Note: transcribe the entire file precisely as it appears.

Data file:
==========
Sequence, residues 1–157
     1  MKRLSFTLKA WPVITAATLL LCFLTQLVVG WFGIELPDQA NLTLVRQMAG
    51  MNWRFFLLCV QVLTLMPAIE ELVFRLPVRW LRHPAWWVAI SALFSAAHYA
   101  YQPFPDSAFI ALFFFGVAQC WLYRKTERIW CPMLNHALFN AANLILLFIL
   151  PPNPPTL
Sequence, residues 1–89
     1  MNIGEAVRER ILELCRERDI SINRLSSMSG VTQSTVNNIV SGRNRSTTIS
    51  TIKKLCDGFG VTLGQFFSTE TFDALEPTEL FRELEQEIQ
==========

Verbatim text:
Sequence, residues 1–157
     1  MKRLSFTLKA WPVITAATLL LCFLTQLVVG WFGIELPDQA NLTLVRQMAG
    51  MNWRFFLLCV QVLTLMPAIE ELVFRLPVRW LRHPAWWVAI SALFSAAHYA
   101  YQPFPDSAFI ALFFFGVAQC WLYRKTERIW CPMLNHALFN AANLILLFIL
   151  PPNPPTL
Sequence, residues 1–89
     1  MNIGEAVRER ILELCRERDI SINRLSSMSG VTQSTVNNIV SGRNRSTTIS
    51  TIKKLCDGFG VTLGQFFSTE TFDALEPTEL FRELEQEIQ